Original Research

Teaching Creative Writing at South African universities: An overview

Henning J. Pieterse
Literator | Vol 34, No 2 | a421 | DOI: https://doi.org/10.4102/lit.v34i2.421 | © 2013 Henning J. Pieterse | This work is licensed under CC Attribution 4.0
Submitted: 24 January 2013 | Published: 22 November 2013

About the author(s)

Henning J. Pieterse, Unit for Creative Writing, Department of Afrikaans, University of Pretoria, South Africa


Creative Writing is a relatively new subject at South African universities. The scope and methodologies of teaching this subject locally have not yet been investigated properly. In this article the teaching of Creative Writing as subject, course and/or programme at South African universities is probed with regard to course content, methodological and pedagogical questions and outcomes. A semistructured questionnaire dealing with course content, didactic aspects of teaching Creative Writing and manuscript outcomes was sent to course co-ordinators of Creative Writing at 11 South African universities. The findings of this inquiry are discussed with regard to each participating university. Creative Writing is mainly taught at postgraduate level, with the focus on MA level. Although there are differences in teaching approaches, it is evident that the workshop serves as the core teaching method for most respondents. Creative Writing at South African universities has grown tremendously in terms of student numbers and published outputs – some figures are provided as illustrations. This increase links South African Creative Writing to a world-wide trend which reflects continuous growth in Creative Writing as university subject. Through published (and often award-winning) outcomes Creative Writing programmes contribute to the varied South African literary landscape.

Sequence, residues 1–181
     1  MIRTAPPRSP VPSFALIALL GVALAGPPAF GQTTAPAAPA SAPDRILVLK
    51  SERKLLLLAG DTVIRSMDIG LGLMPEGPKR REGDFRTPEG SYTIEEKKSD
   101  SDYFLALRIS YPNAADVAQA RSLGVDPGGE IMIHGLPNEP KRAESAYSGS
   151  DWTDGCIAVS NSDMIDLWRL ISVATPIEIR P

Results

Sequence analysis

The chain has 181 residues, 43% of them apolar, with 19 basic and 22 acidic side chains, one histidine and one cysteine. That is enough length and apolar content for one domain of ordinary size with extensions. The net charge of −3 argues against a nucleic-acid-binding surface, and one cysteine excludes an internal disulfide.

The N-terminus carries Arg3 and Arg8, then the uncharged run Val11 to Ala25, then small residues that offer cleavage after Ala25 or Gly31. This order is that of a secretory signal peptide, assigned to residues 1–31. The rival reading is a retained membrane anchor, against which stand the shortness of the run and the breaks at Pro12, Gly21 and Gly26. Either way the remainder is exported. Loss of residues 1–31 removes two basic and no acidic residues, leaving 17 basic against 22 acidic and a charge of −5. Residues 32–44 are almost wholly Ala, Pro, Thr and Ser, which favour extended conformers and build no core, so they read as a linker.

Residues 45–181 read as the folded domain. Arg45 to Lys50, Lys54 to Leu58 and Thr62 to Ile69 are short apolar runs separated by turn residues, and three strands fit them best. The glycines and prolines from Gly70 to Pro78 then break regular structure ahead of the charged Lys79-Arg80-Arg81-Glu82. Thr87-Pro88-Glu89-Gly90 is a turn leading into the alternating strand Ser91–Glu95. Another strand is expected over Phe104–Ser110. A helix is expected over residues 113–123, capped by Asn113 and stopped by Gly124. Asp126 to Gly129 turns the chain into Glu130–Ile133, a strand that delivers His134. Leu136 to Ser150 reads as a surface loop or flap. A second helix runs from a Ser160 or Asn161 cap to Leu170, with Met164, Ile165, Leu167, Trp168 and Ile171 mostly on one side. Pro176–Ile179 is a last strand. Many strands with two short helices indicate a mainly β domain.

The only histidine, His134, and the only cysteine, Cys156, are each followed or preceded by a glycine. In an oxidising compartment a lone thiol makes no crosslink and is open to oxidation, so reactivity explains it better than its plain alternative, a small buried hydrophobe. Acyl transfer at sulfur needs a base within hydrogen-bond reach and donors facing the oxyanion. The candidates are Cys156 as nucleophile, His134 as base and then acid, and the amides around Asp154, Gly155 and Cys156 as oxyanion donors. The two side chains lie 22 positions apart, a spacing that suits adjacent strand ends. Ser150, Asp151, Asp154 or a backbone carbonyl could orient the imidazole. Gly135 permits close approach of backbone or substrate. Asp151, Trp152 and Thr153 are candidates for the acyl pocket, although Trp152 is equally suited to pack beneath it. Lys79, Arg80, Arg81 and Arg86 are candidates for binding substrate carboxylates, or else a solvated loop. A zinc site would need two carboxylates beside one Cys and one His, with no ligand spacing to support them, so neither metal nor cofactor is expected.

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Crossref Citations

1. The PhD in Creative Writing and the Teaching thereof at South African Universities
Henning Pieterse
Current Writing: Text and Reception in Southern Africa  vol: 27  issue: 2  first page: 181  year: 2015  
doi: 10.1080/1013929X.2015.1088278